Kasanayan Sa Filipino

Topics: Romblon, Visayan Islands, Provinces of the Philippines Pages: 2 (553 words) Published: February 27, 2013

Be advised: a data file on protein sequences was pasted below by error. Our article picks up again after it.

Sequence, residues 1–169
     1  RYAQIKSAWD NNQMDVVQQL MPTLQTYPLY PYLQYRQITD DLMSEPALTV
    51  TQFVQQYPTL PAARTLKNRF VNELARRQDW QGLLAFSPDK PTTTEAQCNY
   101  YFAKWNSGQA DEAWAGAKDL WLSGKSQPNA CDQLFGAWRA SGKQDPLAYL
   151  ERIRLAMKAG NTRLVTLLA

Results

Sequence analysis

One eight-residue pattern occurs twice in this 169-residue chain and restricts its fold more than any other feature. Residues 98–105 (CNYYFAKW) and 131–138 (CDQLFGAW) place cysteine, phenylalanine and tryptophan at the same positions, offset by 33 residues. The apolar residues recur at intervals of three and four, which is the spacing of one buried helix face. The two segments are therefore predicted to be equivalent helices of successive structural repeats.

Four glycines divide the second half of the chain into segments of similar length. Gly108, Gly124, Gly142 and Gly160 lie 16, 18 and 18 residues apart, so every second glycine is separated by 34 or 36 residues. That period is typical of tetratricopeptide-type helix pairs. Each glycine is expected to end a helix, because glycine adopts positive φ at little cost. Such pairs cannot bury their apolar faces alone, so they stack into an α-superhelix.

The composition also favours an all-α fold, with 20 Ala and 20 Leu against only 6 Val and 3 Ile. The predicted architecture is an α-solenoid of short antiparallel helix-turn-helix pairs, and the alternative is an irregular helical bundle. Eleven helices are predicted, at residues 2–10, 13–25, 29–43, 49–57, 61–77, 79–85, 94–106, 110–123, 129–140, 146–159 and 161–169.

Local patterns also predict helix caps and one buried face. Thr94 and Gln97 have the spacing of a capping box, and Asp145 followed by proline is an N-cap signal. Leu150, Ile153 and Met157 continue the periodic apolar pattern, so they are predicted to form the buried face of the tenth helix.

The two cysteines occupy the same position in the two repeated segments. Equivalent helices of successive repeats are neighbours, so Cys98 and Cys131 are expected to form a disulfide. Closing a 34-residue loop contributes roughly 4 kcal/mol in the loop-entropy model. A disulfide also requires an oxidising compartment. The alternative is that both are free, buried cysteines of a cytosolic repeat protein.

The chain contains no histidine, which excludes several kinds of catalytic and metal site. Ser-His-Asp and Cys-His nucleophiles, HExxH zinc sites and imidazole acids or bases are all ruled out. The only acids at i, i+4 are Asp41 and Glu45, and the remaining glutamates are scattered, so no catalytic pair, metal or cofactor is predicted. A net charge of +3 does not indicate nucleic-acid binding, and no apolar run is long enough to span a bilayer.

Romblon /rɒmˈbloʊn/rom-blohn, (Tagalog: Lalawigan ng Romblon), is an island province of the Philippines located in the MIMAROPA region. It lies south of Marinduque and Quezon, east of Mindoro, north of Aklan and Capiz, and west of Masbate. Its capital is also named Romblon. According the May 2010 Philippine census, it has a total population of 283,930 people.[2] The province of Romblon is composed of three larger islands; Romblon Island at the center where the provincial capital is located, Tablas Island to the west, and Sibuyan Island to the east. It also includes the smaller islands of Banton, Maestro de Campo, Simara, Carabao, Carlota and Isabel. Approximately 187 nautical miles (346 km) south of Manila, the islands of Romblon lie on Sibuyan Sea, south of Marinduque Island and north of Panay Island. To the east is the island of Masbate and in the west, the island of Mindoro. The province is composed of three major islands: Romblon, where the capital city of Romblon is located, Tablas, the largest island in the province, and Sibuyan, the easternmost island. There are also four smaller island municipalities: Banton Island, Simara Island, Maestro de Campo Island, and Carabao Island. Most of Romblon's islands have a mountainous and rugged topography, and are of volcanic origin. The highest elevation in the province is Mount Guiting-Guiting in Sibuyan, which stands at 2,058 m. The peak boasts one of the most challenging climbs in the country due to its jagged summit.[3] Due to its geography, the province is endowed with lush vegetation and mineral resources. The fertile soil nurtures various agricultural activities. Being an archipelago, its coasts are dotted with numerous fine, white sand beaches such as in Carabao Island and Cresta del Gallo. Offshore, Romblon is a rich fishing ground. The islands lie on the migratory path of fishes from the Sulu and Visayan Seas, passing the Tablas Strait, Sibuyan Sea and Romblon Pass.[4] Romblon does not have a truly pronounced...
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